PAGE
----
Don’t wait till you are broke to withdraw money from the ATM.
TNN | Sep 8, 2014, 08.43AM IST | Times of India
Here’s how to avoid the charges that are likely to kick in from November 1, 2014
1. Use cards
Use your debit and credit cards so that you don’t need too much cash. However, some may charge 1-2% transaction fee. There is also the danger of overspending.
2. Plan your cash flow
Don’t wait till you are broke to withdraw money from the ATM. Plan 2-3 days in advance so that you are not forced to use another bank’s ATM. While withdrawing cash, take out more than the amount you need immediately. Take into account the expenses during the coming 8-10 days and withdraw accordingly.
3. Prefer your own bank
Avoid using another bank’s ATM. Only if there is no ATM close to you should you use another bank’s ATM. Some banks have apps that can help you locate their nearest ATM on the smartphone.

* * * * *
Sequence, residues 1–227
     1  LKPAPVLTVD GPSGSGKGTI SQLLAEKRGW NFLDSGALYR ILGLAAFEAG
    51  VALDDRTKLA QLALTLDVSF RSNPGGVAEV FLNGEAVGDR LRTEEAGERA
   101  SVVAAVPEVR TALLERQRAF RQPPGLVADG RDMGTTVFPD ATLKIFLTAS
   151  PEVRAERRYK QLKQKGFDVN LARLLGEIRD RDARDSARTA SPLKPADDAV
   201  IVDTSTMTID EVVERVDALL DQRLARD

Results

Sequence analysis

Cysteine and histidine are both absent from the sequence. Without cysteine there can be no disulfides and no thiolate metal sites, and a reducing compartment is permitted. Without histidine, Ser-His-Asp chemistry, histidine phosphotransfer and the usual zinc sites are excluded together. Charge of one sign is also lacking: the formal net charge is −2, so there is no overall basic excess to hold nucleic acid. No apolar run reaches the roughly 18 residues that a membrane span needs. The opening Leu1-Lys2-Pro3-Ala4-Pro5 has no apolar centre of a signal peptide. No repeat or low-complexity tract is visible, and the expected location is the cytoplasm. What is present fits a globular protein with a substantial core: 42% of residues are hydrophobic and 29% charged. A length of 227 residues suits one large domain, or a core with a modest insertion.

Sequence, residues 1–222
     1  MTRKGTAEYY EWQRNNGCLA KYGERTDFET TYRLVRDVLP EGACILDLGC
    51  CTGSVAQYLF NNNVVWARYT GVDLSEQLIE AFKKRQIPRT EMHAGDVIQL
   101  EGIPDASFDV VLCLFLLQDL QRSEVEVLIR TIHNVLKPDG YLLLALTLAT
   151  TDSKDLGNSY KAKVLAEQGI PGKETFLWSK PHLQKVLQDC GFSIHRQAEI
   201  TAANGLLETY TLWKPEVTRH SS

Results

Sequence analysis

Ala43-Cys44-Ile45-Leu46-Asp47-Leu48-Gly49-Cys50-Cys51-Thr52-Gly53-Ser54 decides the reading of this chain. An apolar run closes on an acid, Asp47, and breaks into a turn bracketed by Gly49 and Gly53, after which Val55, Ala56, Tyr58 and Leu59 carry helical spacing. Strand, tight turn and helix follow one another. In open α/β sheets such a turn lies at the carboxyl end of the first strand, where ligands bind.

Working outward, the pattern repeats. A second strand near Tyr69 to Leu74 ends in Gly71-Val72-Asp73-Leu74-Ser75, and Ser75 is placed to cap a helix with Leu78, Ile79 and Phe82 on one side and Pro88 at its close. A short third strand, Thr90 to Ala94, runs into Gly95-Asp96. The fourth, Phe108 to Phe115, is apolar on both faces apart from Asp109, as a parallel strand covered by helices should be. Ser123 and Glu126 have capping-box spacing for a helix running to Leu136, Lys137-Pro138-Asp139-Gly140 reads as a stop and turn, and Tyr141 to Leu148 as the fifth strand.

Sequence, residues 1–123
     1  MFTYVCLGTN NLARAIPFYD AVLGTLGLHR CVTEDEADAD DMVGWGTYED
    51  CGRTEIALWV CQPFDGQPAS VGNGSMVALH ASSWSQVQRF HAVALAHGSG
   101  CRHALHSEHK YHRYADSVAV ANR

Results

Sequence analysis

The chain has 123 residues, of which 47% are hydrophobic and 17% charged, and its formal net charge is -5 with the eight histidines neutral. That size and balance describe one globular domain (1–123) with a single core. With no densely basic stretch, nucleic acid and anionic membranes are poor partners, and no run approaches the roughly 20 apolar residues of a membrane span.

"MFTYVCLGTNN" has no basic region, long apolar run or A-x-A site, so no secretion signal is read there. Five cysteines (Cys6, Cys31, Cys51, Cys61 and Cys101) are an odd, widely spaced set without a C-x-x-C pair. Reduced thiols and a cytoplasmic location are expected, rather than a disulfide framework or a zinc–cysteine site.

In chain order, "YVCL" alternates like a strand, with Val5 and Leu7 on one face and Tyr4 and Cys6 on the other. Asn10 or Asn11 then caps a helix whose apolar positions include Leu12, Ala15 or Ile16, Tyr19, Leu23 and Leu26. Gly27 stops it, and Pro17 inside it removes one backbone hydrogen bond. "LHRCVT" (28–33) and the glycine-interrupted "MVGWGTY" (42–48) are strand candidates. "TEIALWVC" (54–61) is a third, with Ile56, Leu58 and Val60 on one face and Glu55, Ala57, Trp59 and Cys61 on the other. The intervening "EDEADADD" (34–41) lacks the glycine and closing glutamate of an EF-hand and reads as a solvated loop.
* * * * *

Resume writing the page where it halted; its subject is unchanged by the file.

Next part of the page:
4. Keep emergency cash
Keep some cash at home in case you run out of money due to unforeseen expenses. However, don’t keep too large an amount in cash. In your effort to save Rs 20 in ATM fees, you could be losing out more on interest on that amount. Besides, keeping cash at home is not always a safe option.
5. Use dormant account
ATM charges will help revive your dormant bank account. Most banks charge Rs 80-100 annually for a no-frill debit card. One card allows 36 transactions on other banks’ ATMs and 60 at your own per year. This is a cheaper option.
6. SMS, phone banking for non-financial transactions
The cap on ATM usage includes non-financial transactions, such as balance enquiry or a mini statement request. Take the SMS route to check account balance, mini statements and to see the status of cheques issued by you.